Energy Physicist Joins PFS
Posted on Thursday, August 23, 2012
World-renowned physicist and environmentalist Amory Lovins of the Rocky Mountain Institute will join the Colleges as the first speaker in the 2012-2013 President's Forum Speaker Series. Lovins, who was named one of Time magazine's 100 most influential people in the world, will discuss his work in energy policy on Thursday, Sept. 13, at 7:30 p.m. in the Vandervort Room.The title of his talk is "Reinventing Fire: Bold Business Solutions for the New Energy Era."
For nearly 40 years, Lovins has been an active figure in the realms of energy, resources, environment, development, and security in more than 50 countries. The former MacArthur Fellow is considered by many to be the world's leading authority on energy with particular attention to its efficient use and sustainable supply. As an adviser to governments and major firms throughout the world, he has briefed 20 heads of state on issues of advanced energy and resource efficiency.
Lovins co-founded the Rocky Mountain Institute, where he serves as chair and chief scientist. The independent, nonprofit think-tank seeks to create "abundance by design" and to drive the efficient use of resources - helping to steer the transition from fossil fuels to renewable energies. The company has lent its private-sector consultancy to more than 80 Fortune 500 firms and has spun off E SOURCE and the Fiberforge Corporation.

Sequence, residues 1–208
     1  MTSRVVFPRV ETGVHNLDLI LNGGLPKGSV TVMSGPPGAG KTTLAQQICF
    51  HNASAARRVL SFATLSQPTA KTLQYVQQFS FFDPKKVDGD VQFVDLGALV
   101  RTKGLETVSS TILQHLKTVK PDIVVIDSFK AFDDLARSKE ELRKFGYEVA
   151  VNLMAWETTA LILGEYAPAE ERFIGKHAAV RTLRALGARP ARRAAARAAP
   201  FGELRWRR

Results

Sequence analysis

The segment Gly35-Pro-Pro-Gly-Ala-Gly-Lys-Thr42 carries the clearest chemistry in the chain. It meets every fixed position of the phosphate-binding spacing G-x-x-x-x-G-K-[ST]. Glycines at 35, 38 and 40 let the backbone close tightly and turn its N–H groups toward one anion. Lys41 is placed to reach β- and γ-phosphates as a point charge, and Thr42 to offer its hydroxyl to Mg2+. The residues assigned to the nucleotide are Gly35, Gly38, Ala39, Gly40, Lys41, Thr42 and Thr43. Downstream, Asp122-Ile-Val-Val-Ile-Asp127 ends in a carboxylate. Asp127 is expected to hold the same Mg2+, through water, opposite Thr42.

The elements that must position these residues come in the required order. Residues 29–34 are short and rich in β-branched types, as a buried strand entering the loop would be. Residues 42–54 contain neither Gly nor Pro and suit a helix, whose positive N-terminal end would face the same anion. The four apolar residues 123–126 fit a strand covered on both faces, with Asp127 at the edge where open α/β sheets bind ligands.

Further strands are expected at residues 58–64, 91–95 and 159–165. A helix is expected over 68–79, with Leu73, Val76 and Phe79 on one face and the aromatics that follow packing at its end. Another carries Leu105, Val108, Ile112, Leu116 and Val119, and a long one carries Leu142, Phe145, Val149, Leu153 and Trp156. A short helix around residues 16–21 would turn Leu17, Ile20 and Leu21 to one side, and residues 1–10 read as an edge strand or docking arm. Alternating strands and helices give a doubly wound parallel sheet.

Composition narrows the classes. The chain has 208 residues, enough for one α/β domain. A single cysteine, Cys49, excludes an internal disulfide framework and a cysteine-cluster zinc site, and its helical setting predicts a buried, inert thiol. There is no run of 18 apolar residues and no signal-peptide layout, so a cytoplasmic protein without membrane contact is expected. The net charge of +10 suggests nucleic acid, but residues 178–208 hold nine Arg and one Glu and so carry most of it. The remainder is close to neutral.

He has served as an adviser to the U.S. Departments of Energy and Defense, and has been a major innovator in the field of integrative design. A prolific author, Lovins has published 29 books, his latest of which are "Small Is Profitable: The Hidden Economic Benefits of Making Electrical Resources the Right Size," which was named an Economist book of the year in 2002, and "Winning the Oil Endgame," a Pentagon-cosponsored roadmap for eliminating U.S. oil use by the 2040s.
Throughout his career, Lovins has received countless awards for including the 1982 Mitchell Prize, a 1983 Right Livelihood Award - a recognition often referred to as the "alternative Nobel Prize," the 1999 Lindbergh Award, and Time's 2000 Heroes for the Planet Award. In 1989, he won the Onassis Foundation's first DELPHI Prize with Hunter Lovins for their contributions to alternative energy solutions. He is also the recipient of the Heinz Award, the Blue Planet Prize, Volvo Prize, Time International's Hero of the Environment award and Popular Mechanics' Breakthrough Leadership award. In 2009, he was named one of the 100 top global thinkers by Foreign Policy.
Following two years of education at Harvard College, Lovins transferred to Magdalen College at the University of Oxford in 1967 where he studied physics. He became a junior research fellow at Oxford University's Merton College, receiving an M.A. and becoming a university don at the age of 21. He is now the recipient of 11 honorary doctorates from universities and colleges across the U.S. and U.K., and has served as a lecturer at the University of California Berkley, and visiting professor at many universities including the University of Colorado, Dartmouth and Stanford.
Established in the winter of 2000 by President Mark D. Gearan, the President's Forum Series is designed to bring a variety of speakers to campus to share their knowledge and ideas with students, faculty and staff of the Colleges, as well as with interested community members.